By John Tozzi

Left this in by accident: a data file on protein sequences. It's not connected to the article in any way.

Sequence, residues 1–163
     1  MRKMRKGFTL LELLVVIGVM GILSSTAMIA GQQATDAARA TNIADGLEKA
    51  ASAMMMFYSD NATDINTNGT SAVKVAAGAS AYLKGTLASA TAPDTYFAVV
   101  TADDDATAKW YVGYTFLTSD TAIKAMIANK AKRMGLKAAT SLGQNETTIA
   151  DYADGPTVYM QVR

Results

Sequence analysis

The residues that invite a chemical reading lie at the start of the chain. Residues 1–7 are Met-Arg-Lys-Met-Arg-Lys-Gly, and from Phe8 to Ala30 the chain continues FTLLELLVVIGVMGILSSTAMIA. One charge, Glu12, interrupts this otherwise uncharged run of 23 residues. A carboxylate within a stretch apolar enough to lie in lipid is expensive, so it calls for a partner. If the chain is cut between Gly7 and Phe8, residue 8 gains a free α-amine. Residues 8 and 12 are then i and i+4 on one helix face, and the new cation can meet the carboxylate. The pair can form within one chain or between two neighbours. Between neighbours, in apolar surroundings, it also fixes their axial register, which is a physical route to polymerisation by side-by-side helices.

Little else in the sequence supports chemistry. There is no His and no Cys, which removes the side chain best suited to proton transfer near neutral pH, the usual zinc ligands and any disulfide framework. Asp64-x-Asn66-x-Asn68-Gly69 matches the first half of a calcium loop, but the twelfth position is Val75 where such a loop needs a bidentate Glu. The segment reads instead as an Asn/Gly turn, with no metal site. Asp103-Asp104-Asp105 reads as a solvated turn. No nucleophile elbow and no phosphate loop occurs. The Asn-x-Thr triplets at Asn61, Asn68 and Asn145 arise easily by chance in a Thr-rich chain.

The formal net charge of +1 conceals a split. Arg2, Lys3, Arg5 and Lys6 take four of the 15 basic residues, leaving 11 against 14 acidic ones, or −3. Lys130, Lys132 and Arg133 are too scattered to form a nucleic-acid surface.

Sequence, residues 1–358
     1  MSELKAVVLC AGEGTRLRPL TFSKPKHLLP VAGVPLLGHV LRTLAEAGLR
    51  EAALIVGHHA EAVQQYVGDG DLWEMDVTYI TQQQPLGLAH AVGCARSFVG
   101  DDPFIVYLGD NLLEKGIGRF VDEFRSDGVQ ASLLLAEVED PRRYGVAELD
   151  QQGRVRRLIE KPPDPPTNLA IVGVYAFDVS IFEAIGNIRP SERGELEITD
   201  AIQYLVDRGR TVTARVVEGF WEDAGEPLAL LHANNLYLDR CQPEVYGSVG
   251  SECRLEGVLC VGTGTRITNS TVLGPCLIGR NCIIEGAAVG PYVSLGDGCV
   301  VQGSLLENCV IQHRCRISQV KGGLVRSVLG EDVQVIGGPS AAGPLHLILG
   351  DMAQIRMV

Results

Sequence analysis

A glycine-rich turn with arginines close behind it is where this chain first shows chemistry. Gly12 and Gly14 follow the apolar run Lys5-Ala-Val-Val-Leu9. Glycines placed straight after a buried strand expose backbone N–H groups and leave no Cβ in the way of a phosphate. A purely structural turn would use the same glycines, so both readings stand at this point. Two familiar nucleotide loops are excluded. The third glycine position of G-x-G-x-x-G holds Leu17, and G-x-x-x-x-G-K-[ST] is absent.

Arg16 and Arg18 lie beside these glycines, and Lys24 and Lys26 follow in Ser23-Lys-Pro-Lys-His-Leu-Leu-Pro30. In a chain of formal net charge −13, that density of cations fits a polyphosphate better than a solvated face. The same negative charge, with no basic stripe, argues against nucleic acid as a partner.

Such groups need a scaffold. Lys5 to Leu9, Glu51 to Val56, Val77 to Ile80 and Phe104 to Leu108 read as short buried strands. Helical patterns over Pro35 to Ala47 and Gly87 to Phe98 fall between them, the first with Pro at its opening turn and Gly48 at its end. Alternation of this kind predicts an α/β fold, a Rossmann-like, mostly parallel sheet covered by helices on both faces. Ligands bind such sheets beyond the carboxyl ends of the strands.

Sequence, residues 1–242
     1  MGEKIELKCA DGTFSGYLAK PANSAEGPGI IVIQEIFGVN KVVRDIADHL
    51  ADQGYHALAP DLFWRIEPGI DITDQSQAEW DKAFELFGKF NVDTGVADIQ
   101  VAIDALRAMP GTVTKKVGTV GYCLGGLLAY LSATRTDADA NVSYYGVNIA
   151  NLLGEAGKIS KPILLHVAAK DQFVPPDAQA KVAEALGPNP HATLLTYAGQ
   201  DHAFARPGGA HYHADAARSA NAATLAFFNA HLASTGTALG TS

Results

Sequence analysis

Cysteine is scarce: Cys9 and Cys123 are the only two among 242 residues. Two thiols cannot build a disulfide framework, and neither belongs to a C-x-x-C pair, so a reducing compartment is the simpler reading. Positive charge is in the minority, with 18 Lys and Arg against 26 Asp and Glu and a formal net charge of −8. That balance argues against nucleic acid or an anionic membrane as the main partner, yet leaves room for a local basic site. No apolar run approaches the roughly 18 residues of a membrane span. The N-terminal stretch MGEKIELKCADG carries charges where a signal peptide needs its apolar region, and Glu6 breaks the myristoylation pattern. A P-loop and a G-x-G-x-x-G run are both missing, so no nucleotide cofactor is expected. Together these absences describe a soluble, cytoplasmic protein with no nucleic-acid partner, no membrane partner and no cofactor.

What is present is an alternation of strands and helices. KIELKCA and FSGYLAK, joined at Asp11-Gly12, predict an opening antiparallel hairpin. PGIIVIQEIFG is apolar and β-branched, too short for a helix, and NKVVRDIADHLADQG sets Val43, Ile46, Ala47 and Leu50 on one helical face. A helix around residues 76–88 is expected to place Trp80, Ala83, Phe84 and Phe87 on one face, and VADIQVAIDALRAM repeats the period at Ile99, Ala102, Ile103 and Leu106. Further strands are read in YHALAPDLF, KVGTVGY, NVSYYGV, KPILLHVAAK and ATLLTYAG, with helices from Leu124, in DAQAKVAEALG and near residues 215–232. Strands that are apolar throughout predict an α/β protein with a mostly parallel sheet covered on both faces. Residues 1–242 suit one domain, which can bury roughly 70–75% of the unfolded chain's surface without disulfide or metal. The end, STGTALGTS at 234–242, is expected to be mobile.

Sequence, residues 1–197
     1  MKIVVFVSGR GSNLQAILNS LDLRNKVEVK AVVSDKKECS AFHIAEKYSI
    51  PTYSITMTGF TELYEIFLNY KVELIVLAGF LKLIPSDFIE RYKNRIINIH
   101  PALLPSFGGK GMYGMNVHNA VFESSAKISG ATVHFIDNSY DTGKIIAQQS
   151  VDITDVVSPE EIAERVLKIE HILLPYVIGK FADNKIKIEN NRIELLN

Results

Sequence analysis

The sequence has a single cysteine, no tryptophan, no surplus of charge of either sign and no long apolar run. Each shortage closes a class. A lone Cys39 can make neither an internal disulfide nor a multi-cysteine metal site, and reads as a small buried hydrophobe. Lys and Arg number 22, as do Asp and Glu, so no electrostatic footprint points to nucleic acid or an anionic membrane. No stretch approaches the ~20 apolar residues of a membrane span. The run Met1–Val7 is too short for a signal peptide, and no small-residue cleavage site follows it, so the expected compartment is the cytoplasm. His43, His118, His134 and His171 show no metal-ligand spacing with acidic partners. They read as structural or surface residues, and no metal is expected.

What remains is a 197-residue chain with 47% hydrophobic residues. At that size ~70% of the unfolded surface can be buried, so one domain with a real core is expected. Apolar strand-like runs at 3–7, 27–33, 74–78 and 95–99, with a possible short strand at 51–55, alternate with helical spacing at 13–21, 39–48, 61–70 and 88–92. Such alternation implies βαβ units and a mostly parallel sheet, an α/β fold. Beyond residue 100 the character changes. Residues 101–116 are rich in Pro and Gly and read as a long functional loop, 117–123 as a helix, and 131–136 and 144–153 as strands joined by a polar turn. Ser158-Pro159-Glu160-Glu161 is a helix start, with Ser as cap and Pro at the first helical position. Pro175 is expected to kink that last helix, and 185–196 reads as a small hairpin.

Snyder, 32, and Leach, 35, met in 2003 at Transitions of Long Island, a rehab facility of the North Shore-Long Island Jewish Health System that provides comprehensive therapy for people with neurological injuries. They became romantically involved about a year ago, and their love has given them strength in their struggles to overcome tragic and isolating injuries.After suffering a brain injury in 1999, Snyder began going to the Manhasset-based center five days a week in 2001. At the time, he was confined to a wheelchair and could not speak. Leach, who lives with her family in Huntington, L.I., was in similar condition.Now the two can walk and talk – and give each other Valentines.”Perrin became quite depressed, but now that he found Laura, it has opened up his life,” said his mother, Sylvia Snyder.Both she and Barbara Leach, Laura's mother, spoke of how their relationship has helped the couple cope with the isolation and frustration from which victims of brain injuries suffer. Barbara Leach said her daughter can share thoughts and feelings with her boyfriend that she would never communicate with her own family.”Now she has someone and she's like a rose,” Barbara Leach said. “She's just blooming.”The pair went out on their first date two weeks ago, for Laura's birthday, to the fancy seafood restaurant 105 Harbor in Cold Spring. Snyder requested a table by the fireplace. They are planning to go out again in April for Snyder's birthday.They both said finding love has helped them through their sometimes difficult therapies.”It's better,” Leach said. “I can do more.”Snyder spoke about the feelings of loneliness he battled after his injury and said Leach's love has been a salve.”Now we all have each other,” he said.Dr. Deborah Benson, a neuropsychologist and the executive director of Transitions, said she noticed that Snyder and Leach have improved since they became involved.”It's really helped boost their recovery,” she said.Transitions offers complete therapy for people who have sustained traumatic brain injuries, strokes, brain tumors or other conditions that damage brain function. The outpatient facility sees about 50 people from across metropolitan New York each day, Benson said. Most come between two and four times a week, depending on their need for therapy.About 1.4 million Americans sustain traumatic brain injuries each year, according to the Centers for Disease Control. Of those, about 50,000 die and 235,000 are hospitalized, but most are treated and released from emergency rooms.Doctors and parents said victims face particular emotional hurdles because they retain their long-term memory and are fully aware of what their lives used to be.”When you have a traumatic brain injury and you want to be the way you were, it's an uphill battle,” said Sylvia Snyder.”He's very kind and she really adores him, and that makes him happy,” said Barbara Leach. “This is a miracle.”Reach reporter John Tozzi by e-mail at email@example.com or by phone at 718-229-0300 Ext. 188.